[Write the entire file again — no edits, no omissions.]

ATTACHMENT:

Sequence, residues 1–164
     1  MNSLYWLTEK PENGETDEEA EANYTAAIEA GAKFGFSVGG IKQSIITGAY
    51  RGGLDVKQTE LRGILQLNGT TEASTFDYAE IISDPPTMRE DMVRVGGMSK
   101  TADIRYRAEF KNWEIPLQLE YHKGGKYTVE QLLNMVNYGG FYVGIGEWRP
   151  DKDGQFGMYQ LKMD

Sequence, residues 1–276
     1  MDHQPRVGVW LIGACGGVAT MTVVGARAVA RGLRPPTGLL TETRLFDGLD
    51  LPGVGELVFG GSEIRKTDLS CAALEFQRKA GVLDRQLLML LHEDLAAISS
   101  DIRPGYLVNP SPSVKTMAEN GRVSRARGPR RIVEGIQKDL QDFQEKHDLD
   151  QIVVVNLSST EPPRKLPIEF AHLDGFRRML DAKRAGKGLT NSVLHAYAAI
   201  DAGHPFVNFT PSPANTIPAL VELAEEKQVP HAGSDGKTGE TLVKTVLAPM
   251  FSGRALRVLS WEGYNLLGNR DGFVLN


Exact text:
Sequence, residues 1–164
     1  MNSLYWLTEK PENGETDEEA EANYTAAIEA GAKFGFSVGG IKQSIITGAY
    51  RGGLDVKQTE LRGILQLNGT TEASTFDYAE IISDPPTMRE DMVRVGGMSK
   101  TADIRYRAEF KNWEIPLQLE YHKGGKYTVE QLLNMVNYGG FYVGIGEWRP
   151  DKDGQFGMYQ LKMD

Sequence, residues 1–276
     1  MDHQPRVGVW LIGACGGVAT MTVVGARAVA RGLRPPTGLL TETRLFDGLD
    51  LPGVGELVFG GSEIRKTDLS CAALEFQRKA GVLDRQLLML LHEDLAAISS
   101  DIRPGYLVNP SPSVKTMAEN GRVSRARGPR RIVEGIQKDL QDFQEKHDLD
   151  QIVVVNLSST EPPRKLPIEF AHLDGFRRML DAKRAGKGLT NSVLHAYAAI
   201  DAGHPFVNFT PSPANTIPAL VELAEEKQVP HAGSDGKTGE TLVKTVLAPM
   251  FSGRALRVLS WEGYNLLGNR DGFVLN